Roxy Todd Published

Confederate Memorial Partly Removed in Charleston, W.Va.


The City of Charleston quietly removed part of a Confederate memorial Monday, joining other cities and states across the country who are taking a closer look at structures honoring Confederate soldiers and generals.

Riflemen Memorial still stands at Ruffner Park in downtown Charleston, but a bronze plaque that covers most of its face is now gone. 

That plaque listed the names of local men who fought for the Confederacy during the Civil War. 

Among the names is William Armstead, who is described on the plaque as a “colored cook, faithful during the war.” That reference is one of the reasons the city removed the face of the monument, said Mayor Amy Goodwin. 

“It perpetuates the falsehoods that slaves enjoyed being slaves and preferred not to be free,” Goodwin said. “It’s offensive. It needed to be removed. And we removed it.”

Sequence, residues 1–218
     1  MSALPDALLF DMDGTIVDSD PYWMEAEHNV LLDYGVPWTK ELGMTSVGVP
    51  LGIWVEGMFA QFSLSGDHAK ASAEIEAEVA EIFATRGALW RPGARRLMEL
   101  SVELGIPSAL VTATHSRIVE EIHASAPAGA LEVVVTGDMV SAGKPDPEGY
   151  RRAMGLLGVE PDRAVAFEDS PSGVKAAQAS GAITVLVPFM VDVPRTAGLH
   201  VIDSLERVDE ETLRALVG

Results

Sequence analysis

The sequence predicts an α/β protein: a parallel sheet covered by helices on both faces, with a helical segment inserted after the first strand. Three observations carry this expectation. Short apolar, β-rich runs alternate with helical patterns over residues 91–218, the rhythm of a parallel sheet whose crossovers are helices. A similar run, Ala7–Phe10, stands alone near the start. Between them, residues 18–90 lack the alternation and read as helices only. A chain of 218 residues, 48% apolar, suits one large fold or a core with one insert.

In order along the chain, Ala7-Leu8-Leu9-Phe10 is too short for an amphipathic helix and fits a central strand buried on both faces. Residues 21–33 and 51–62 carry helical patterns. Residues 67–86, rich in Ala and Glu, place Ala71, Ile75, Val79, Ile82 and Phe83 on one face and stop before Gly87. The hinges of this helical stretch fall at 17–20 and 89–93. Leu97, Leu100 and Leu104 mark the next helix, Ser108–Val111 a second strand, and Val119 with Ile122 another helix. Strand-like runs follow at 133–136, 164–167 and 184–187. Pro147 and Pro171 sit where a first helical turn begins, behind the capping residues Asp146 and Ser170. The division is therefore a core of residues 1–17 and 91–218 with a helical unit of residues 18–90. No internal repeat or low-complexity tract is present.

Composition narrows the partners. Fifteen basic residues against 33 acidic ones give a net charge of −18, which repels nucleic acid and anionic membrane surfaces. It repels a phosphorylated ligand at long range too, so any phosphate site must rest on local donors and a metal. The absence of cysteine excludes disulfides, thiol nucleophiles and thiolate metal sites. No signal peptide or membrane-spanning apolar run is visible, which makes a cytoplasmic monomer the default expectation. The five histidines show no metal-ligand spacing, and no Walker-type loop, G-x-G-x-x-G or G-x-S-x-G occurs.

Goodwin said the city will put a new plaque in its place, describing the history of Ruffner Park. 

The Riflemen Memorial was built in 1922 by the local chapter of the United Daughters of the Confederacy, who then donated it to the City of Charleston. The UDC organization, based in Richmond, Virginia, did not return a request for comment. 

Update 6/30/20 1:42 p.m.

Opponents of the mayor’s decision to remove the monument’s plaque spoke out on social media, including Ernest Blevins, commander of the Robert S. Camp Sons of the Confederate Veterans in Charleston, West Virginia.

Blevins said he first heard the plaque had been removed when a friend saw a post about it on Facebook. “They [the city] just removed it without public comment. It was secretive,” he said. Blevins added that he doesn’t think that the memorial was meant to be racist or offensive.